Story-telling is one of the unique characteristics that makes an athletic spectacle like professional wrestling special. However, in recent times it seems like good story telling in World Wrestling Entertainment (WWE) only comes when a championship belt is the impetus for a rivalry. A.J. Styles and Chris Jericho are showing fans, and their contemporaries in the company, a feud between two performers can be very successful without “the gold” being on the line.
It has been an all too familiar scenario in the WWE within the last decade. The biggest and best feuds in the company often seem to have the championship involved. This doesn’t mean that there haven’t been exceptions to the rule during this time. Brock Lesnar vs. HHH, Brock Lesnar vs. The Undertaker, The Rock vs. John Cena, Bray Wyatt vs. Roman Reigns and Shawn Michaels vs. Chris Jericho are a few of those exceptions. But they are frequently few and far between.
As Chris Jericho has evolved into a part-time performer he has developed a reputation as a go-to, or “plug and play” (a phrase much used on one time WWE star Taz’s radio show), wrestler on the roster. If the WWE needs to elevate the status of one of their “Superstars” they put them in a short-term program with “Y2J”.
His position in the business puts immediate interest in whatever feud he is involved in. But because of his part-time work load, he is not above “putting over” other wrestlers so that they can evolve further with audiences and become larger revenue sources for the company.
With the debut of A.J. Styles; the man who took the title of “best guy not to have had joined the WWE”, from Sting; the company had an interesting predicament. They secured the talents of one of the best in-ring performers on the planet. A man die-hard fans respect and will root on while purchasing his merchandise. Yet he is not a physically imposing presence like Braun Strowman or Roman Reigns. Nor is he universally known to all members of the “WWE Universe”.
How do you make an early impact with a major free agent investment, without sacrificing momentum built up by another superstar, while also not having a championship involved? Well you pair him up with Chris Jericho, but of course.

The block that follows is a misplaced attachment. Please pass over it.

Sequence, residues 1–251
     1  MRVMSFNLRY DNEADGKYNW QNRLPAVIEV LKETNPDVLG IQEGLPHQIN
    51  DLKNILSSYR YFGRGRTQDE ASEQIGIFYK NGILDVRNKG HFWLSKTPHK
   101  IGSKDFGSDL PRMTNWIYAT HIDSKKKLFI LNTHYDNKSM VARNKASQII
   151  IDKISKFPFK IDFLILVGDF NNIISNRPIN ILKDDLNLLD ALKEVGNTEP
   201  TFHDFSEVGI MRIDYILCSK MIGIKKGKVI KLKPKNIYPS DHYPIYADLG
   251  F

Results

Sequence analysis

The tale being crafted by these two men in the last several weeks has become a must-see part of WWE programming. The story they are telling isn’t necessarily innovative and never-before seen stuff. Proving you deserve your spot has long been a source for pro-wrestling stories in front of, and behind, the camera for as long as the business has existed. However, it is the execution by these two well-traveled veterans that’s has made it entertaining.
Even in a later stage of his career Chris Jericho is still a high-level entertainer. While it goes without saying, that “The Phenomenal” one is one of the best performers in the industry. It was a given that they would put on exciting and momentum filled bouts. What has made it all the more intriguing is their usage of the microphone time given to them on WWE shows.
Clearly Jericho has been given the lead in progressing the story verbally, while Styles is playing the role of disregarded former “big fish in a small pond.” The strategy has been a success while done in a slow-burn style that makes use of both superstars strengths—Jericho’s talking and Styles’ wrestling. But as the weeks go by the well-roundedness of both is coming to the surface. As we see Jericho can still hang with the likes of A.J. Styles in the ring. And A.J. is showing he can use his reactions, expressions and talking skills to further a story and add to his credibility.
Additional proof of the stories success is how it has shoehorned other superstars into the feud—the Miz and the Social Outcasts—which adds more layers, along with giving television time to other performers.
Its ability to convey multiple layers—A.J. Styles is more than a great wrestler, Jericho can still go with the best, smaller stars bring main-event interest, is “Y2J” on the verge of a heel turn—has made this short feud distinct on WWE TV of late.
The art of non-title story-telling sometimes seems lost on WWE programming. But two of the very best at what they do are showing that the art is not gone. It is a style that can be endlessly mined for great content. Furthermore, it can help continue to develop talent and show that not having a title involved doesn’t lessen the importance of a rivalry between two talented professionals.